Pacific Coast Jazz
Guitarist and composer Matt Panayides tries something new and different for him on his third release, Field Theory. While his first wo albums were acoustic, this one blends that sound with electric by using various guitar pedals and jamming often with Matt Vashlishan, a multi-woodwind instrumentalist who plays the Akai EWI (electric wind instrument), one that he plays with Dave Liebman’s group, Expansions. That’s not to suggest this is in a free jazz mode (although there is some of it) but instead it’s mostly a contemporary, post-bop jazz album, influenced largely by listening to Wayne Shorter’s and Herbie Hancock’s voicings and chord patterns. In any case, there are plenty of moments when the listener may think – “this is out there.”
Rounding out the quintet are Rich Perry on tenor, Robert Sabin on bass, and the renowned drummer half of the Ferber twins, Mark Ferber. Assuming you know the latter’s stints with artists such as Billy Childs, Wadada Leo Smith, Lee Konitz, Norah Jones, and so many others including on composer/conductor Jihye Lee’s brilliant latest that will release next week, the others have prestigious resumes too. Perry has recorded 23 albums as leader and has appeared as a sideman or featured soloist on over 70 recordings, including with the George Mraz Quarter and Maria Schneider Orchestra. Sabin has played with artists such as Oliver Lake, Peter Bernstein, Vince Mendoza, Bob Mintzer, and many others.
This somewhat complex music is both excitable and accessible. It’s intriguing in the sense that one rarely if ever hears this configuration of instruments with the EWI and electric guitar blending with the acoustic tenor sax and upright bass. Liebman’s Expansions comes somewhat close, with the leader on soprano sax and keyboards, some of which are electric, blending with the acoustic instruments. No other reference points easily come to mind. In any case, the magic of the music is as much in the textures and colors as it is the melodies and rhythms.
The opening “Kite Flying” is one of the more conventionally straight-ahead tunes with it spiral-like descending line led by the guitar and harmonized by the two wind instruments. “Disturbance” is a bit more involved as Panayides introduces an angular ostinato melodic fragment that the band latches onto, twisting it and reshaping it to create an ominous vibe. “Closer Now” begins as a minor blues ballad but then goes off on an unpredictable route that allows drummer Ferber plenty of spotlight. The title track grew out of a 7/4 groove but morphs into an improvisational section between the three main voices before returning to that same groove. The mid-tempo straight-eighth “Looking Round Corners” is led with some lush guitar tones meshed with the EWI and sax in counterpoint. “Energy Mover” is just that, a rapid-fire guitar excursion with muscular melody and shifting chord changes in jagged patterns.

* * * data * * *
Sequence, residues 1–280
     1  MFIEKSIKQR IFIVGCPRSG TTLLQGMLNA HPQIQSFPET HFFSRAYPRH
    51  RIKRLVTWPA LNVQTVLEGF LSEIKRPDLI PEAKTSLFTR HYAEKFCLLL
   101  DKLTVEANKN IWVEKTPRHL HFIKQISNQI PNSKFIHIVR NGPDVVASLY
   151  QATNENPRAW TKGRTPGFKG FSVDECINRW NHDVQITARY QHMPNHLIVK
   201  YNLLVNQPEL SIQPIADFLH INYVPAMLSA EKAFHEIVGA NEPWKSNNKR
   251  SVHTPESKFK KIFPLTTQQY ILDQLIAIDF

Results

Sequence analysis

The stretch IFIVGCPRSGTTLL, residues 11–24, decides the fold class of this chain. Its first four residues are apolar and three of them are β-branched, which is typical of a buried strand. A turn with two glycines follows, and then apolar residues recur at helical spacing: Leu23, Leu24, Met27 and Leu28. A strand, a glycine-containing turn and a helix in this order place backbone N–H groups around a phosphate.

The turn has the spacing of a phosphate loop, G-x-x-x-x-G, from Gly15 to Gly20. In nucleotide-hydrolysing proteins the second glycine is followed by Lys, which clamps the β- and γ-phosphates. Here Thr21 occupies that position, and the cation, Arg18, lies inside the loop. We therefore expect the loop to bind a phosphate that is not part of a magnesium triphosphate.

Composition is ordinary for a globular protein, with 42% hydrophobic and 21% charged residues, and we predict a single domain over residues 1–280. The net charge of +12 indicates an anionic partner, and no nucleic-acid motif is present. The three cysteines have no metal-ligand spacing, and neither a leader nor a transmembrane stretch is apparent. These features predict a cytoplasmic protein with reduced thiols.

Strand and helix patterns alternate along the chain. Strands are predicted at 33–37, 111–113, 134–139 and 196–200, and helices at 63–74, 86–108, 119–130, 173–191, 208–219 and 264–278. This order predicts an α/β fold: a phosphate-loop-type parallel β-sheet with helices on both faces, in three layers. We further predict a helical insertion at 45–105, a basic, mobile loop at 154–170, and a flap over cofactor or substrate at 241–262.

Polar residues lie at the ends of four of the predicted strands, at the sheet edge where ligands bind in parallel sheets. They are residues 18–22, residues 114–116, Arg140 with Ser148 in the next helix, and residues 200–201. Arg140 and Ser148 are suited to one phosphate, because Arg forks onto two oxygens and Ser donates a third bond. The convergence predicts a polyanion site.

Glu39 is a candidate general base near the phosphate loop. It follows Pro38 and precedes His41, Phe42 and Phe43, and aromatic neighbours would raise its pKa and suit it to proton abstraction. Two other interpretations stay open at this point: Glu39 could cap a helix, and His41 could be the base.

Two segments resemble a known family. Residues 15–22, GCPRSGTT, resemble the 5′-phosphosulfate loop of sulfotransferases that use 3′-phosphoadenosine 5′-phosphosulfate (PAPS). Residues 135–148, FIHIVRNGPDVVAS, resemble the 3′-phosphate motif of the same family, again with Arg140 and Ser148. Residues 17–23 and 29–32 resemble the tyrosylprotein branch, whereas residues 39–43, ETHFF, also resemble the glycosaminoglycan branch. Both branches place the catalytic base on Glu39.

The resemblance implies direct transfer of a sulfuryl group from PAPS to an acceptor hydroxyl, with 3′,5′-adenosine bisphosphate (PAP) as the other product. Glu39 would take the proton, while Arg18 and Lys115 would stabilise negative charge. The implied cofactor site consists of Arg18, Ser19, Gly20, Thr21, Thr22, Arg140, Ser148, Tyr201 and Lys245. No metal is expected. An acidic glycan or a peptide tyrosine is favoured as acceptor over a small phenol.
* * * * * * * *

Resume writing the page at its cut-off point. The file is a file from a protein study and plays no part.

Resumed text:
The second half gets even more interesting. “2.27.20” is the date when the entire album was recorded, right before the lockdown. Panayides had each of the musicians randomly select a sketch of a sine wave. Armed with a stopwatch set to three minutes, each was asked to play that sketch. “Pentafolk” is a suite in four parts as the leader envisioned a visit to an alien planet with the different moments captured in the titles – “Arrive,” “Coalesce,” “Ascend,” and “Depart.” The album closes with “Self-Narrative,” as you’d guess mostly a reflective piece, but its mood is altered, or enhanced, depending on your preference by distorted guitar bursts and Perry’s haunting tenor.
Some of this, mostly in the first half, is traditional. Some of it is expected but there are more than enough surprises to keep the listener on edge and engaged as the four musicians seem to take their cues directly from Panayides and ultimately enrich or inspire his guitar lines, many of which are already inventive.
- Jim Hynes
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